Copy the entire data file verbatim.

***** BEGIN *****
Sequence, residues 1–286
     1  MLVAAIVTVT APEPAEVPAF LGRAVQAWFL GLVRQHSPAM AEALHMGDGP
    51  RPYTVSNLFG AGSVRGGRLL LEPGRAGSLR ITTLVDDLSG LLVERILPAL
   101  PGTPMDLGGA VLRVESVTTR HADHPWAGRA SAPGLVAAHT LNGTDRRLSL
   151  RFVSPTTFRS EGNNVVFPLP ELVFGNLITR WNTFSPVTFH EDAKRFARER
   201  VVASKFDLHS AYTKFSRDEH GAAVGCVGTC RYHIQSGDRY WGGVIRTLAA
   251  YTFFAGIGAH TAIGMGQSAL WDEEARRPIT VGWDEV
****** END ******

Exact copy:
Sequence, residues 1–286
     1  MLVAAIVTVT APEPAEVPAF LGRAVQAWFL GLVRQHSPAM AEALHMGDGP
    51  RPYTVSNLFG AGSVRGGRLL LEPGRAGSLR ITTLVDDLSG LLVERILPAL
   101  PGTPMDLGGA VLRVESVTTR HADHPWAGRA SAPGLVAAHT LNGTDRRLSL
   151  RFVSPTTFRS EGNNVVFPLP ELVFGNLITR WNTFSPVTFH EDAKRFARER
   201  VVASKFDLHS AYTKFSRDEH GAAVGCVGTC RYHIQSGDRY WGGVIRTLAA
   251  YTFFAGIGAH TAIGMGQSAL WDEEARRPIT VGWDEV